Wishful thinking? Much depends on the American President's commitment to the search for peace in the Mideast, not least at a time when the 1984 elections are already heating up.

The arms-control talks have their own deadline in addition to the growing strains of American partisan politics. NATO's decision, taken in 1979 during the Carter era, to deploy new Pershing II and cruise missiles to counter the Soviets' SS-20s had two parts: The deployment would start before the end of 1983 only if arms-control talks on such missiles had failed.

The snag is that in the years since 1979 the European public has tended to focus more and more heavily on hopes for an arms-control agreement. And while the American peace movement has hoisted its colors over demands for a nuclear freeze, the European movement has grown in strength by battling any deployment of the new NATO missiles.

Hence, the fact that the Kremlin's stated missile offer still falls far short of anything acceptable to any NATO government (European or American) is less important in European political terms than the fact that the Soviets seem to be prepared to be forthcoming while the Americans do not.

The Andropov offer to reduce Moscow's European-range missile force down to the levels of the French and British nuclear deterrents ignores the fact that the latter are ''national'' and independent, not NATO- or US-controlled. It skips over the discrepancy in warheads: three for each of the modern, mobile Soviet SS-20 missiles compared to one apiece for the French and British.

It fails to note the difference between the accuracy and range of the land-based SS-20s and the (for the most part) sea-based, older, and less accurate French and British forces. And, despite tantalizing hints, the Soviets decline to say unequivocally whether their missile reduction means missile dismantling or merely missile moving - an eastward displacement outside ''European'' Soviet territory to which they could later be returned.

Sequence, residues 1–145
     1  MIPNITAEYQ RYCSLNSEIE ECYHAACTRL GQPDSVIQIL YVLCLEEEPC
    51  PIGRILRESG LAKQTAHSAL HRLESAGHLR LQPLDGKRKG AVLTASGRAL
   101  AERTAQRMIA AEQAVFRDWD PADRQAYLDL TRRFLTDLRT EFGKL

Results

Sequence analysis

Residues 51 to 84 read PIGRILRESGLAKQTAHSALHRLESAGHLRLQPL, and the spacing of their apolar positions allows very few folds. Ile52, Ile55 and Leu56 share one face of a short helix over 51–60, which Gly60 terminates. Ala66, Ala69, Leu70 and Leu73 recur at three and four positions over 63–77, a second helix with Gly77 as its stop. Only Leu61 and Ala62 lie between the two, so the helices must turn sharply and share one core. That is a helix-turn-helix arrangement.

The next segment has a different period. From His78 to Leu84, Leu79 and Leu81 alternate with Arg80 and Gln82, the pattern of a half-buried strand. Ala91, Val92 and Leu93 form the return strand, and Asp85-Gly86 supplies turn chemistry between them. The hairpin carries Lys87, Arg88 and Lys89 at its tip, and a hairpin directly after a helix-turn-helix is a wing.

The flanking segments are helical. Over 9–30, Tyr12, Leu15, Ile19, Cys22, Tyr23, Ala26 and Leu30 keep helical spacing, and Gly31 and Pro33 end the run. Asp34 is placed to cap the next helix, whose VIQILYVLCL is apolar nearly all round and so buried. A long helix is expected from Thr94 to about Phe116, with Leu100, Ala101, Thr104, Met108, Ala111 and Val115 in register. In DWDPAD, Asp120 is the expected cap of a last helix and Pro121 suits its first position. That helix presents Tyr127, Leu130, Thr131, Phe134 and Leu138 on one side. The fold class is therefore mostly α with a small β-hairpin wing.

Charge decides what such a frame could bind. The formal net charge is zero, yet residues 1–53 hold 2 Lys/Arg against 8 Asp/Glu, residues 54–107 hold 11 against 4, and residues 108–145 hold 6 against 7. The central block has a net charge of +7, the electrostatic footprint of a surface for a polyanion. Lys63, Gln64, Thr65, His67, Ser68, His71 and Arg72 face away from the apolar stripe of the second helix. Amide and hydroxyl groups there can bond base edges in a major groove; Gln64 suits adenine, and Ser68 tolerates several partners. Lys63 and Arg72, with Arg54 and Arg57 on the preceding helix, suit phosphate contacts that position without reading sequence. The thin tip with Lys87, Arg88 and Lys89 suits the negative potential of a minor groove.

Nonetheless, Mr. Andropov's negotiation-by-loudspeaker tactics are sowing seeds of doubt in West Europe that Vice-President George Bush will find hard to uproot during his 12-day trip there later this month. And in this climate, Mr. Gromyko's flat rejection of the American no-Euromissiles-on-either-side stand becomes understandable even to ordinary Europeans who have never considered taking to the streets with the anti-nuclear movement. ''We will in no case accept this zero option,'' said Mr. Gromyko at a 90-minute news conference in Bonn Jan. 18.

Yet, as has become still clearer this past week, the Reagan administration is not prepared, for now at least, to show any signs whatsoever of softening. Its public (and reportedly private) bargaining position is rock hard. Paul Nitze - chief US negotiator in the European-range missile talks and survivor in the upheaval that cost his immediate superior, Eugene Rostow, his job - is reported to be returning to Geneva later this month with his instructions unchanged. Exploratory probes, yes. Actual shifts from the basic zero-option stand, no.

Does the administration intend to offer a compromise position eventually? Is it genuinely bargaining at all? Would it prefer an arms race which it thinks the US can win to arms control which it fears would weaken comparative US strength?

Europeans are left wondering. And West European governments are left anxiously calculating whether they will be able to muster public support for deploying the new cruise and Pershing II missiles if the Geneva talks fail to produce notable results by the year-end deadline.

Taking a tough negotiating stance may well be a good bargaining strategy for arms-control talks as much as for formulating the US budget. The trouble is that until the negotiating crunch comes, until the talks make progress that can be relayed to an anxious public, doubts about the administration's deeper intentions tend to linger. Messrs. Clark and Dailey will find that trust and confidence are hard to maintain in an independently minded and often impatient alliance.